#3 Dynamic content and CDN-based attacks are insidious. Organisations use content delivery network (CDN) providers to support global site and application performance. Unfortunately, CDNs provide a particularly dangerous cover for attacks, as organisations cannot block traffic coming from the CDN’s IP addresses.

Malicious actors have made an art form out of spoofing IP addresses to obfuscate their identity and masquerade as seemingly legitimate users based on geolocation or positive reputational information about the IP addresses they can compromise. Dynamic content attacks further exploit CDN-based protection by overloading origin servers with requests for noncached content that the CDN nodes simply pass along.

# 4 SSL/TLS and encrypted attacks use SSL protocols to mask and further complicate attack traffic in both network and application-level threats. Many security solutions use a passive engine for SSL attack protection, meaning they cannot effectively differentiate encrypted attack traffic from legitimate encrypted traffic while only limiting the rate of request.

# 5 IoT botnets can be helpful or otherwise. While robotic process automation and other good bots help accelerate productivity and business processes, such as data collection and decision-making, malicious bots can create a large-scale DDoS attack on your network and services. Organisations continue to rely on conventional security solutions to assess bot traffic, but today’s sophisticated bad bots can mimic human behaviour and bypass CAPTCHAs and other older technologies and heuristics.

# 6 Layer 7 application DoS attacks target resource exhaustion by using the well-known Hypertext Transfer Protocol (HTTP) and HTTPS, SMTP, FTP, VOIP and other application protocols that possess exploitable weaknesses, allowing for DoS attacks. Much like attacks targeting network resources, attacks targeting application resources come in various flavours, including floods and ‘low and slow’ attacks.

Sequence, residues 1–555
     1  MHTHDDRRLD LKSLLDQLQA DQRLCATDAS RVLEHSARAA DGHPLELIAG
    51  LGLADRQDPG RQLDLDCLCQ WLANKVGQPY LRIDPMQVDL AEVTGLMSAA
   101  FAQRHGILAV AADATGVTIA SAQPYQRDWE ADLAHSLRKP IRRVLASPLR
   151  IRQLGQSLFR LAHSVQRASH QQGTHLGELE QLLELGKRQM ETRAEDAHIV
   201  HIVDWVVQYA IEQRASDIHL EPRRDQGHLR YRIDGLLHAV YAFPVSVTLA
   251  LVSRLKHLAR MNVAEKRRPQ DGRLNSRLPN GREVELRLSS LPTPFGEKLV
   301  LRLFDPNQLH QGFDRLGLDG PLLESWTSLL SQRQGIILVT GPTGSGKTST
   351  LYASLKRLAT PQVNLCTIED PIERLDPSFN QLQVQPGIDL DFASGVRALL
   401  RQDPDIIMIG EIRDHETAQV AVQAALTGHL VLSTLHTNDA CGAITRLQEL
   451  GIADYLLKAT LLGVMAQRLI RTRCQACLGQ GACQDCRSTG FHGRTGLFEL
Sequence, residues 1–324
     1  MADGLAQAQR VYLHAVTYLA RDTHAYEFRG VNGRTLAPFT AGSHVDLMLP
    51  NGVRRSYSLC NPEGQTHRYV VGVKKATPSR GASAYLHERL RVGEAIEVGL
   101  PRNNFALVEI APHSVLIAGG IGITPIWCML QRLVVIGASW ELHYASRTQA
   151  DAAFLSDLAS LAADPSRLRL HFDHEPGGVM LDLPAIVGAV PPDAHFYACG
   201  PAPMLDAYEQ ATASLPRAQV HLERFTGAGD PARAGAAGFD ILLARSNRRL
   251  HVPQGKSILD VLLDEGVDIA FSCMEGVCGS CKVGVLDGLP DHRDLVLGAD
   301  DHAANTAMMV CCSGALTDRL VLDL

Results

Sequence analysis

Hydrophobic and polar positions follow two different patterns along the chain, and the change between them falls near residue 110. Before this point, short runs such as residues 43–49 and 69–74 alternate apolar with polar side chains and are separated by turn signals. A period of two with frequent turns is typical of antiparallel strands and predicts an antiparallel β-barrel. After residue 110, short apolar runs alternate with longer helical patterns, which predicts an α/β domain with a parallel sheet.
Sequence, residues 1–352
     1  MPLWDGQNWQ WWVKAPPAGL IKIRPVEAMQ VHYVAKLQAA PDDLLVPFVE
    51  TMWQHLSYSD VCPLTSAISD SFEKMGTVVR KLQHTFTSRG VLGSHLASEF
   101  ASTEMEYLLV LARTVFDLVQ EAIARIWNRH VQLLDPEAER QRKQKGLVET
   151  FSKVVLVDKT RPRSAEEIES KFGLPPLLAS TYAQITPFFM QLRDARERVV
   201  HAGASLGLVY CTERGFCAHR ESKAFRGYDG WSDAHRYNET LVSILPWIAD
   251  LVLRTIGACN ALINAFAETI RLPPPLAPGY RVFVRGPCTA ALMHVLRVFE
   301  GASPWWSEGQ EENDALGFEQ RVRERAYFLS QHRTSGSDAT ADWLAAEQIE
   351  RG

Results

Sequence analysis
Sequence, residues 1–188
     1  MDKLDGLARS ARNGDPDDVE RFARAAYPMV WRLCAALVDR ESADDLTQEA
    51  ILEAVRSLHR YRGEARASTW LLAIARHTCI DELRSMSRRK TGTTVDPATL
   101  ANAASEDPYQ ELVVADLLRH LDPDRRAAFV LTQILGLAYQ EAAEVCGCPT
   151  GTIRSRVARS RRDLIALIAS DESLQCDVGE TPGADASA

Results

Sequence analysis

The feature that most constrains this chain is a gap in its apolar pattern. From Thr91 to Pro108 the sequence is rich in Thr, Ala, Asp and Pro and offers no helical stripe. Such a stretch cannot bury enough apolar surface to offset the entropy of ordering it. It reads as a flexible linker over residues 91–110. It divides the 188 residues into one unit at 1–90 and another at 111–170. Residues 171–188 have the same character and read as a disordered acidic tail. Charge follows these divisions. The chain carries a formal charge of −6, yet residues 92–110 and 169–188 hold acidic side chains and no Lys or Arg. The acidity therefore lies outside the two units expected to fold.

# 7 Ransom DDoS attacks involve perpetrators who send an email threatening to attack an organisation, rendering its business, operations or capability unavailable unless a ransom is paid by the deadline. The number of these attacks is growing annually and typically takes the form of a volumetric DDoS attack. RDoS attacks are particularly insidious because they do not require the attacker to hack into the target’s network or applications.

# 8 Reflection/amplification attacks take advantage of a disparity of request and response ratios in certain technical protocols. The attackers send packets to the reflector servers with a source IP address spoofed to their victim’s IP, indirectly overwhelming the victim with the response packets.

At high rates, these responses have generated some of the largest volumetric DDoS attacks to date. A common example is a reflective DNS response attack.

Defending an organisation against these eight types of attack requires DDoS mitigation that combines automated, machine-learning based detection and mitigation capabilities with comprehensive protection for any infrastructure — on-premise, private cloud, and public cloud.